Chef Michael Johnson knows a thing or two about fueling a few Fighting Tigers. With more than 30 years in the food and hospitality industries and roots in Louisiana, he’s now Executive Chef of the Tiger Athletics Program at Louisiana State University and runs the entire culinary program for each team with the help of his staff and dieticians.
That means home games, travel days, texts from players on the off-season in search of cooking tips. That means catering to 500+ individual athletes’ palates and their unique dietary needs. Let’s just say Michael is the definition of a team player.
We caught up with Michael for Spiceology’s Periodically Inspired interview series that takes a deep dive into a chef’s creative side, approach to menus, their favorite things, and more. Read the full interview and get to know Chef Michael Johnson below:
When did you first find a love of cooking?
“Both of my grandmas were very active in the kitchen, and I enjoyed watching them. So it was those moments spending time with my grandmas while they were cooking. They were both Midwestern farmer’s wives who prided themselves on home cooked meals.”
How is cooking for a team of elite athletes different from any other type of cooking?
“The challenge is that every meal needs to be different. We have lots of ongoing conversations with the athletes and dieticians on what they’d like to have to eat while trying to keep things healthy. These student athletes, they’re all someone’s kids, so we cook comfort food for some and press the envelope for others.
Dishes like pho and poke might be very different from what their Mom and Dad cooked at home. But honestly I like that the meals we’re making every day are different, there’s nothing mundane about what we do (laughs).”
People around you, music, books, travel – where do you find inspiration when you create new dishes?
“Since I travel with them, and I’m with them so often, a lot of the inspiration comes from just talking with the athletes. Also, my own children are between 11-17 years old, and I get a lot of inspiration from them. Cooking for my own kids is one of the most daunting tasks there is (laughs).”
How do you help the team manage off-season eating?
“It really depends on the team; each team has different body types and they go year-round. I rely on the dieticians, but a primary piece for me is making the food available for them. I also give the athletes my cell number for when they’re away if they have cooking and diet questions. I’ve literally walked players step by step through a recipe over text.”
What advice would you give a chef still in culinary school?
“Make sure to stay humble. Focus on the food, and make that the most important part of your talent. There are some tremendous egos out there, but the most fruitful chefs have gotten themselves thereby being humble and with humility – they pay homage to the food, not their talent.”
How do you experiment with flavor?
“A lot of times when we’re trying something new or different, we create a flavor, close our eyes, taste it, and let the ingredients speak to you. That’s how we guide ourselves with new spices. We try them in their rawest form and then talk through the flavors as a team.”
What is your ethos about balancing nutrition and flavor?
“That’s the most difficult task we have because we have so many different body types we’re designing menus for. They’re young and often with a limited diversity on what they eat. We work and communicate one-on-one with most of the players; then we’ll put out as much variety at one time for each meal and answer the athlete’s questions. They all need to eat to keep up with training and gameplay – it’s just hard to balance.”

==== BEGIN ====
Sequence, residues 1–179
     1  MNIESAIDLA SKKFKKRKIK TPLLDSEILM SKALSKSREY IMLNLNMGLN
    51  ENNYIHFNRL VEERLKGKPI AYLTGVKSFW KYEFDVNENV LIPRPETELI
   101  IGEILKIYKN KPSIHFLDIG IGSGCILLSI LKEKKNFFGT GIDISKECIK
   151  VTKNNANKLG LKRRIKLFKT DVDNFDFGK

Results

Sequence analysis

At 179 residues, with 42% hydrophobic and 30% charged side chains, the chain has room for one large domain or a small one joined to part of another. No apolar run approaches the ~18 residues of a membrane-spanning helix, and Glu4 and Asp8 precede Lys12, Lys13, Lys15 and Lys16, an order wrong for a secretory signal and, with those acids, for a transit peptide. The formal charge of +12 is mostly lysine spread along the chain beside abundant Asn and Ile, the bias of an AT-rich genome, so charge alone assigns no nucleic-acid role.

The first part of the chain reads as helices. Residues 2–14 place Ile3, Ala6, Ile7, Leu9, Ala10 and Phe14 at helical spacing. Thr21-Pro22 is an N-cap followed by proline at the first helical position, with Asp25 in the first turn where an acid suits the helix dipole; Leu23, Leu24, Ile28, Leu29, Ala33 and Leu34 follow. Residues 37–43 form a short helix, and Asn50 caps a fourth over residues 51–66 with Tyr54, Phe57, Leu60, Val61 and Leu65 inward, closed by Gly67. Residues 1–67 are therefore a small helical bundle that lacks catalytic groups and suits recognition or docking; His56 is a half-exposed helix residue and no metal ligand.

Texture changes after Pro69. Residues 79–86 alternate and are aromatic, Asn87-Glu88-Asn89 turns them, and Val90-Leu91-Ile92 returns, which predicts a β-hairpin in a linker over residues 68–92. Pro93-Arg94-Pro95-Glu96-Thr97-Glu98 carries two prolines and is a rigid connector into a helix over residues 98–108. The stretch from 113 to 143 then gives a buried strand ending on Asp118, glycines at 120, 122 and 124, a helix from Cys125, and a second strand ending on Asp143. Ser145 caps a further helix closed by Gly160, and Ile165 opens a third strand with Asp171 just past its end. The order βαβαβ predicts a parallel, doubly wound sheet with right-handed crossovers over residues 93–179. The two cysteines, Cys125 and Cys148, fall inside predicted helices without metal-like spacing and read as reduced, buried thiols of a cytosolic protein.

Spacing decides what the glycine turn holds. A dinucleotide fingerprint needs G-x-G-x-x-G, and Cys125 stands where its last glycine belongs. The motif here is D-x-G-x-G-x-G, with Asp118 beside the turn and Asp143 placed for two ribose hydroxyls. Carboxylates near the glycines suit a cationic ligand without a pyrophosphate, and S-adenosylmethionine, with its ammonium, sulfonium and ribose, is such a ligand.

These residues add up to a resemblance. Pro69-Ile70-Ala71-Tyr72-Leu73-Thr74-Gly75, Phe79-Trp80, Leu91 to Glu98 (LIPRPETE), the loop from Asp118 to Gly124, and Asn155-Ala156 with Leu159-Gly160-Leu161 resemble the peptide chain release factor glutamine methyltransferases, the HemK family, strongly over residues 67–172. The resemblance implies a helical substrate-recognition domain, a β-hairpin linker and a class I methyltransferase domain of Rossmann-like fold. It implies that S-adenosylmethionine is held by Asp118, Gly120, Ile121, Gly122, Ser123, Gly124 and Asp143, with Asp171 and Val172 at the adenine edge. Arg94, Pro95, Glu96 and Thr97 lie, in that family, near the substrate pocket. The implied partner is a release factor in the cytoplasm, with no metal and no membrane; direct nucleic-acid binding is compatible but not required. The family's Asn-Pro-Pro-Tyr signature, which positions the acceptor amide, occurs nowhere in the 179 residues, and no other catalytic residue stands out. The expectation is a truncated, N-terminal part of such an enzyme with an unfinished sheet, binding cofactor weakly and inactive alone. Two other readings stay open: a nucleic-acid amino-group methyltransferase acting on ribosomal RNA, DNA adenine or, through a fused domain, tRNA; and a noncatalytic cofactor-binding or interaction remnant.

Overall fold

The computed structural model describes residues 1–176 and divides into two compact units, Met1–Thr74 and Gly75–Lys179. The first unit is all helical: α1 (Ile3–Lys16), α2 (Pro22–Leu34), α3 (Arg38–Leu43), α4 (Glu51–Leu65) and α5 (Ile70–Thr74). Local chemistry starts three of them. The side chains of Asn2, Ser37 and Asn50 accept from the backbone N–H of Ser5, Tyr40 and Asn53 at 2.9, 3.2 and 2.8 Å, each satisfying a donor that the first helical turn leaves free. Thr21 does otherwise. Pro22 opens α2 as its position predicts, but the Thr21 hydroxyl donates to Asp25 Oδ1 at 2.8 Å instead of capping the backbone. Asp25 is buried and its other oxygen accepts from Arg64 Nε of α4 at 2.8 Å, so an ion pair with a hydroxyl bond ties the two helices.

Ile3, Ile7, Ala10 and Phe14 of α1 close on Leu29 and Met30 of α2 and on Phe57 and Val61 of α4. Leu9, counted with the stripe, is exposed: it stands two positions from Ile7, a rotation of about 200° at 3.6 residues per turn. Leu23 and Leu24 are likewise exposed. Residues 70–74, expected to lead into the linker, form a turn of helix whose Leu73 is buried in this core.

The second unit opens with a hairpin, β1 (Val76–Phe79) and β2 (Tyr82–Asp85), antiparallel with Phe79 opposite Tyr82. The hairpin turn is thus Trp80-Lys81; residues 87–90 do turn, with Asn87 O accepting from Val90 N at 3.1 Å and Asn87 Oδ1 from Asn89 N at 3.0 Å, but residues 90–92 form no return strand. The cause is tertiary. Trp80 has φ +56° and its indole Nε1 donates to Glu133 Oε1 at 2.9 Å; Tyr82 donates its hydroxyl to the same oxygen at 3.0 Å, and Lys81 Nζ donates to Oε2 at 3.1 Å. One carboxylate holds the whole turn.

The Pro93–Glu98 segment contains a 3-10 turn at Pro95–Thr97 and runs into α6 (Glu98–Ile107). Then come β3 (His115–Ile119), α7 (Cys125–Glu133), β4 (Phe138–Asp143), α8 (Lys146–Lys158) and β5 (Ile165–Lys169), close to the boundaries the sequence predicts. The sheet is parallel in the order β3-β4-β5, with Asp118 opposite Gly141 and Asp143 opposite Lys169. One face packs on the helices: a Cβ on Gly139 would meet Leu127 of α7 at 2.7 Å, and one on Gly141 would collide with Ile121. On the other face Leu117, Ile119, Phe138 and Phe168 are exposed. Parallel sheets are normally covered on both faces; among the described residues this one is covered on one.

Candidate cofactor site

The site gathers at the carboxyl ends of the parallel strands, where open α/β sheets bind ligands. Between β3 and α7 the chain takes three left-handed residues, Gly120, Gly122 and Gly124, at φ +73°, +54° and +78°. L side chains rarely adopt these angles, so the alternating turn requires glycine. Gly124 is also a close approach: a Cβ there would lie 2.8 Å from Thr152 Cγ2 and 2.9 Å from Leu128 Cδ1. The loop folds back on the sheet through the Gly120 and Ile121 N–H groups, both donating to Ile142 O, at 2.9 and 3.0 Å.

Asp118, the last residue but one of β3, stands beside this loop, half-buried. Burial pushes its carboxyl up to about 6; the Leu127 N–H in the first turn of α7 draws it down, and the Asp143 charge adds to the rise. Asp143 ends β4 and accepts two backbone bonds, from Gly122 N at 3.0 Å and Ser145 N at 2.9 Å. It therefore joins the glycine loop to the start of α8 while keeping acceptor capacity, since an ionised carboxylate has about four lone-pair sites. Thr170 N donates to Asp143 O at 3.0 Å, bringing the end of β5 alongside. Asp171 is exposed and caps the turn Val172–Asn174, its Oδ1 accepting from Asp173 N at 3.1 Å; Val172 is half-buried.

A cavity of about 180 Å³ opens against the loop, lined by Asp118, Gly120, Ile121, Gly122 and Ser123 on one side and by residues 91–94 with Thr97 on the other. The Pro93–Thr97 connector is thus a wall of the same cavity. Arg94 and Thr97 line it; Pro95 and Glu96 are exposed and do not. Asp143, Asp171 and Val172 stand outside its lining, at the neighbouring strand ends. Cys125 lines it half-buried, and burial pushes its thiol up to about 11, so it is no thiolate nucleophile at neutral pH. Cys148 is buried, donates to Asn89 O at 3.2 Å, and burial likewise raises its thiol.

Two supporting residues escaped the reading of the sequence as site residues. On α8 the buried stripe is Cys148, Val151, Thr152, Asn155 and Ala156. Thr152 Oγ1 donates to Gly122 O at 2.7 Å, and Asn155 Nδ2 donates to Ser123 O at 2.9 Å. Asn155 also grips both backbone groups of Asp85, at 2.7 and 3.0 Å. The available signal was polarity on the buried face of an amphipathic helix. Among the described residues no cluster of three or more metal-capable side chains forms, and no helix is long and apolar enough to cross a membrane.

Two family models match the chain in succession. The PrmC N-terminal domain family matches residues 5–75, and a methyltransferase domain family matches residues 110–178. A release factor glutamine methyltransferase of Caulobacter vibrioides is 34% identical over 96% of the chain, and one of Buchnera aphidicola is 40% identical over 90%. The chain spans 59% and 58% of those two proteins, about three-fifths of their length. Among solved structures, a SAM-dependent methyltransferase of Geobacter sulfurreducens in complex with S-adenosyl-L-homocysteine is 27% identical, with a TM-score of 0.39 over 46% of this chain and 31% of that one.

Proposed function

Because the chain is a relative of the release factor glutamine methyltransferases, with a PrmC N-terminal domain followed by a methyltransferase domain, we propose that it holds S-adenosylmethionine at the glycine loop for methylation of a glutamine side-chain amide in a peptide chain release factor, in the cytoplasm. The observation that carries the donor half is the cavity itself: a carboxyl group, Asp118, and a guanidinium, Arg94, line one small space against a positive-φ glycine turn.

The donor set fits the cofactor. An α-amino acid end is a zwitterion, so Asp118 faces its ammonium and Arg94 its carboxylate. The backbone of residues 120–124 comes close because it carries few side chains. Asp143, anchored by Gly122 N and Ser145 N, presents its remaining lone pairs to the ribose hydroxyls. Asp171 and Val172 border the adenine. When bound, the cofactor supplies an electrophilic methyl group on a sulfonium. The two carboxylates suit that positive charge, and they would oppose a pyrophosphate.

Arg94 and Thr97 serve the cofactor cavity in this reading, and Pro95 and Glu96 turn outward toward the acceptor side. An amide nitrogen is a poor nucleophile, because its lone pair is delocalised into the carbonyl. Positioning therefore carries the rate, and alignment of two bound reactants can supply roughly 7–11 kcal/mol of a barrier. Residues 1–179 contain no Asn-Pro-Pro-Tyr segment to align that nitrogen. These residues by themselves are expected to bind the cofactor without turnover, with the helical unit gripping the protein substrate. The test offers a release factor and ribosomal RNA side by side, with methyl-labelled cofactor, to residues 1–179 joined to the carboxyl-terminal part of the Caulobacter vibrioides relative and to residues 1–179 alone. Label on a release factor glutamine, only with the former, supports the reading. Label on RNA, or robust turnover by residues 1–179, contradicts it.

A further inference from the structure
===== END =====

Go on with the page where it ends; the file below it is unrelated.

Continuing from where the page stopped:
Do you feel competitive with other chefs?
“I feel competitive with myself from yesterday. But no, not with other chefs. I feel camaraderie, and I think I’m my own worst critic. I judge myself harsher.”
What’s one of your favorite ingredients to cook with and why?
“It’s gonna sound weird: vinegar and oil. I love a good high-end olive oil, and it’s super high in polyphenols. And vinegars are just interesting, there are so many forms and flavors. l love the tart and acidity.”
How do you approach keeping things interesting and catering to each player’s palettes during the season?
“We have 508 athletes – so that’s 508 opinions (laughs). But keeping things interesting is not something that’s hard for me. Anyone who’s involved – my staff and the dieticians – on a daily basis we’re getting feedback on the food. It’s Pandora’s box for complaints, but it’s also betterment. I believe in baby steps of betterment every day.”
What’s a technique or trick you learned in school or along the way that even home cooks could use?
“I was shown to use the backside of a ceramic plate to sharpen a serrated blade. Using the unfinished rim, you run the serrations slowly across the rim allowing the rim to briefly grind into and out of the serrations along the raw ceramic.”
Favorite thing to cook for yourself?
“I let Uber cook for me (laughs). But I love cooking for my kids. When I’m at work – I don’t get to cook as much as I used to. But I love doing seafood and fish; fishing is a hobby.”
Do you change up the menu during playoff games or finals?
“It’s kinda weird – before a game we don’t change the menu at all. There’s a heritage at risk, and we don’t mess with that. But if the game is won we celebrate with something special for the players post-game.’
What’s a spice you consider under-valued?
“I’m a huge marjoram fan. If you ever make a red sauce you need marjoram, and I just really like the flavor and characteristics it provides.”
What are your breakfast, lunch and dinner restaurant recs when in Baton Rouge?
“Oh, we’re going straight to New Orleans (laughs). You’d be hard-pressed not to experience great food there.”
Keep up with Michael and all things LSU Athletics on Instagram